A professor rivets students’ attention with video-game challenges.
By Jennifer Pocock
Ever wonder how some kids can spend hours in front of a video game, solving complex problems, but then balk at problem solving in their homework? Brianno Coller did.
Coller, a professor of mechanical engineering at Northern Illinois University, first noticed his students’ engagement with animation in 2004, when he showed a simulation of the Opportunity Mars rover hitting the Red Planet’s surface.
“It was encased in this big cocoon of air bags, and it bounced around and it would unfold, and you’d see these automated systems uprighting themselves and taking care of themselves. Then you’d see [the rover] driving itself off the little platform,” he said. “When I showed this video, the students in this class were just on the edge of their seats, watching it and recognizing how all this theory that we were teaching in class—how it played into the technology. And then, of course, the video ended and that was it. Back to the theory.” The students’ engagement immediately dropped. Coller wanted to find a way to extend that engagement and make it interactive.
He did so by designing “active and authentic learning exercises” to replace dull textbook problems. The first was a racecar video game in which students wrote algorithms to drive the vehicle. Since then, the games have grown more imaginative. Coller’s latest and greatest game is called Spumone (pronounced like spumoni ice cream). The character is a brightly colored spacecraft (“spucraft”) that moves through a world of obstacles, tasks, and challenges piloted by the user. Spumone is aimed at a sophomore audience. That year is the “sweet spot” for engineering dynamics—a difficult year that can make or break engineering students.
Some of the challenges are complex and maddening to the students, but Coller finds that many keep working at them with the single-minded intensity of gamers the world over—long after they would have dropped a simpler textbook problem. It helps that students can fail (or “die”) over and over and work with the characters and code to come up with the right answer.
“While the virtual worlds are almost cartoon-like, the Newtonian physics are realistic,” he says. “To beat Spumone, you must make engineering decisions. You must use analysis and express your strategies mathematically.”
Coller is gauging student response and continually updating the game with new challenges and sub-challenges. “As students play with the game, we’ve recorded everything they’ve done—every little click and change in strategy,” he says. To collect and analyze the material, Coller works with an educational psychologist named David Shernoff who developed surveys that are sprinkled throughout the game. His next step will be to use machine learning to analyze the reams of data over the next semester and an upcoming sabbatical. So far, though, the evidence shows that students learn more deeply with the game than without. “They’re more engaged,” Coller says, flat-out. “They have a combination of concentration and interest and feel like they’re using their skills.”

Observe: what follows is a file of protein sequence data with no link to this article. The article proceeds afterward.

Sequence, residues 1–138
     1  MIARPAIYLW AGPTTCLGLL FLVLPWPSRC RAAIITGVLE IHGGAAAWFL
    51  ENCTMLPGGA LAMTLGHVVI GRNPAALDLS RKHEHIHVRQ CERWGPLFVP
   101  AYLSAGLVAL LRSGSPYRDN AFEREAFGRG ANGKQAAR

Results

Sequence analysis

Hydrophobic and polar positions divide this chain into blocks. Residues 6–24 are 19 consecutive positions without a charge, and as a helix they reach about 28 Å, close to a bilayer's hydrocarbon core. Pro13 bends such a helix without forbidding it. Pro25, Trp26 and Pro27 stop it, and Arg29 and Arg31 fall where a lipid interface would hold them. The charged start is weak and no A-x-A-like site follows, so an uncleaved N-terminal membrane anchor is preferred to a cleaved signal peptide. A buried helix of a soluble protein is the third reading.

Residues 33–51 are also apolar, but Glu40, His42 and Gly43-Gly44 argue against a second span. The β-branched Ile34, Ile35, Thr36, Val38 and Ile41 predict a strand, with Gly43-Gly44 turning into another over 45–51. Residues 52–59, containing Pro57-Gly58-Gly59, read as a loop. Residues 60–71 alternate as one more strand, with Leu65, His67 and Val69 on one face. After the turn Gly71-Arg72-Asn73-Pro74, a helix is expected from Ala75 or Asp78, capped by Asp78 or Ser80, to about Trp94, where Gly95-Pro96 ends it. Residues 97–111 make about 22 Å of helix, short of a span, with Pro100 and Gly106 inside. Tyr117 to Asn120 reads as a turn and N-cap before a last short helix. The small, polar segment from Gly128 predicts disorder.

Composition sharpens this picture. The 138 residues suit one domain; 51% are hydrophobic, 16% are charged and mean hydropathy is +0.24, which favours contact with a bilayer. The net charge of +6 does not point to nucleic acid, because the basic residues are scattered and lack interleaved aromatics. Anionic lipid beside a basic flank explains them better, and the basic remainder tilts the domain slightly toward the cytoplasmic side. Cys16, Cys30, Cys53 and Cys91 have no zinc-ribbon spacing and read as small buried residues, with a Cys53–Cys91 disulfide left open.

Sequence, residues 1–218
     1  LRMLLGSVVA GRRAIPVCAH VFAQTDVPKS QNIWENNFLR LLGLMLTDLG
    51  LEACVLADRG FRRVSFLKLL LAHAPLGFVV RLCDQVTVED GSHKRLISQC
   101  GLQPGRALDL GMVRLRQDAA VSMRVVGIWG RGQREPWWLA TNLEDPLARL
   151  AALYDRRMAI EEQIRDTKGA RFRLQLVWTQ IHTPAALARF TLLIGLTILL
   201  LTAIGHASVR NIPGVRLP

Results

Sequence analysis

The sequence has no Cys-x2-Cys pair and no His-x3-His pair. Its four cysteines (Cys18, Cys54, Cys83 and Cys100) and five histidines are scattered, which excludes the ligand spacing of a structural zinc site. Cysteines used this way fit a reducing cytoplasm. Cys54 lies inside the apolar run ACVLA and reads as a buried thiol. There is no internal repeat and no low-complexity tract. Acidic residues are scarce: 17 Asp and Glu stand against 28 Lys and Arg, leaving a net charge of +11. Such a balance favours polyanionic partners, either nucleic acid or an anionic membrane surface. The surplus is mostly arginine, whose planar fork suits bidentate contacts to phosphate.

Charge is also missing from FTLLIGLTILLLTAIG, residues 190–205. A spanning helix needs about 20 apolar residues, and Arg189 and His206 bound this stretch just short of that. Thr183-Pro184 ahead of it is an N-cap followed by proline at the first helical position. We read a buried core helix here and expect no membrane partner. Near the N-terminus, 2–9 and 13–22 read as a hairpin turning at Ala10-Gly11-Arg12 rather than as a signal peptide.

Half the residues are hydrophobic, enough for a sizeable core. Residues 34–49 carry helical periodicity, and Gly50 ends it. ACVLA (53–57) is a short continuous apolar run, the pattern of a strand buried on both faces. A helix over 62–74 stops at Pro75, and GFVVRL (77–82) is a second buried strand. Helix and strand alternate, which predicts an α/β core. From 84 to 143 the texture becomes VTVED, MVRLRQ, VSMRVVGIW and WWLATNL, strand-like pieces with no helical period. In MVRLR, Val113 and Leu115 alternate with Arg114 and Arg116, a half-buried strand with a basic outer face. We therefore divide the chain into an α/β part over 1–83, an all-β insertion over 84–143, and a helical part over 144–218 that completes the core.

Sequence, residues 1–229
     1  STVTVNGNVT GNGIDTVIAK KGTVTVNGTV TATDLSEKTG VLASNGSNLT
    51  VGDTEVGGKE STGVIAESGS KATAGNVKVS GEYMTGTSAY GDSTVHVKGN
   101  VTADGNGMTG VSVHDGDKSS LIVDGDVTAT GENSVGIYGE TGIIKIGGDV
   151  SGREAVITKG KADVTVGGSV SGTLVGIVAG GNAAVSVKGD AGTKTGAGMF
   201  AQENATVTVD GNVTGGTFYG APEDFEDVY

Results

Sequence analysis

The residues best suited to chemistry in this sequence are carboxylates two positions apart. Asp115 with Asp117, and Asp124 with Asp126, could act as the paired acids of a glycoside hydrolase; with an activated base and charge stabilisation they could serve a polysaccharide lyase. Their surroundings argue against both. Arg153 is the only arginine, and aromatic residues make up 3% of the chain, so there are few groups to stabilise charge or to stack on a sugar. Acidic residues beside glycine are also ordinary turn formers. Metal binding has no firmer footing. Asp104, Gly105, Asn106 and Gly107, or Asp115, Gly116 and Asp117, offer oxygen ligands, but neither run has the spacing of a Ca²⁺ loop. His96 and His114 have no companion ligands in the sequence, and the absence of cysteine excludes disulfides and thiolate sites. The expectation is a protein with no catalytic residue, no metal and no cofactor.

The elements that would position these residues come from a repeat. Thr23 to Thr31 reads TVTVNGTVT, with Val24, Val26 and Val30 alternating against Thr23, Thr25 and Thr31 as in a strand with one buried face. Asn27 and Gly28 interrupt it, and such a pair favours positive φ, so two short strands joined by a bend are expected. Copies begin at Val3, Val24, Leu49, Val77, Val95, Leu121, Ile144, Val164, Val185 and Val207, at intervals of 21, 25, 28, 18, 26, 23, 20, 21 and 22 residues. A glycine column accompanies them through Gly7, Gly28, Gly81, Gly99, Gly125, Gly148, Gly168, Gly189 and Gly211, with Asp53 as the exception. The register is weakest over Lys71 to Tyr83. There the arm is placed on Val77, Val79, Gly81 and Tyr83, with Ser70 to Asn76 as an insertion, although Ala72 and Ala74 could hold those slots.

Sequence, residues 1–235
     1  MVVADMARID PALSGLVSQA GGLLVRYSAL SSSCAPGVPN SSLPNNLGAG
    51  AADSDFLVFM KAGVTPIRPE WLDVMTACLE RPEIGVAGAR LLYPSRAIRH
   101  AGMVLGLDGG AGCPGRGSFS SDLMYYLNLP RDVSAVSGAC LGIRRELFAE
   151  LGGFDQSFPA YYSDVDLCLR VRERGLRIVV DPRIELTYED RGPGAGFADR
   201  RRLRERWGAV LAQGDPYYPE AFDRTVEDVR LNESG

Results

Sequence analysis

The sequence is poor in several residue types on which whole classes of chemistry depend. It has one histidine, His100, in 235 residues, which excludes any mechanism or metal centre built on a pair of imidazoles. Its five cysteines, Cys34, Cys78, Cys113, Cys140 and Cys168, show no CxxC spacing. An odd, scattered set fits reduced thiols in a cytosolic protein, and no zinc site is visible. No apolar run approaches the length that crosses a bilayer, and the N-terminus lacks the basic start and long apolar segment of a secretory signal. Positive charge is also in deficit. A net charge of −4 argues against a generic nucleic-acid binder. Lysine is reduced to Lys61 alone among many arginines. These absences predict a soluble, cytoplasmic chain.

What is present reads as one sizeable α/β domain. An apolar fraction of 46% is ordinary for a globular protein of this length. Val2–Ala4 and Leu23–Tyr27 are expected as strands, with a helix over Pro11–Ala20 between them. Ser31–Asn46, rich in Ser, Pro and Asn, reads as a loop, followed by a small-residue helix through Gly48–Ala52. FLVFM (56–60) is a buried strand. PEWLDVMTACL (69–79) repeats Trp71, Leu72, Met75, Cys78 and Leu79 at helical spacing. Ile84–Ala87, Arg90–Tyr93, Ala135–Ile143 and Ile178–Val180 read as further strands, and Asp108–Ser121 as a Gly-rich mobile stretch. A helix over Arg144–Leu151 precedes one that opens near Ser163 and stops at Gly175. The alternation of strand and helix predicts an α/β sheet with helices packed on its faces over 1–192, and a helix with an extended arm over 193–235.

The gaming approach has drawn acclaim. Coller was tapped to deliver a TED Talk on engineering education in 2014 and in 2015 was named Illinois Professor of the Year. He has won the ASEE Mechanical Engineering Division Best Paper Award multiple times.
Coller’s obsession with engineering began as a child. “When I was a kid, all I cared about was skiing and soccer,” says the Reno, Nevada native. “I had a soccer tournament in San Francisco. When we drove across the San Francisco Bay Bridge, that just floored me. I was amazed by the huge structure. I knew right then and there that I wanted to be the person that designs and builds that sort of thing.”
He began his engineering education at Cornell University as a structural engineering major, but soon learned that he preferred dynamics—and switched to mechanical engineering instead. “But that one trip is what sealed it for me.” He received his Ph.D. in theoretical and applied mechanics from Cornell as well, and began teaching at Northern Illinois in 2003 following a stint at the University of Illinois at Chicago.
He has sought to maintain that childlike wonder in all of his classes, directing that energy toward training effective engineers.
Spumone is currently available only to Coller’s students and two other educators involved in a study. But Coller, who is working under an NSF grant to continue the game’s development and analysis, hopes he soon will be able to make Spumone more widely available. If successful, Coller will prove that video games aren’t just child’s play.
Jennifer Pocock is assistant editor of Prism.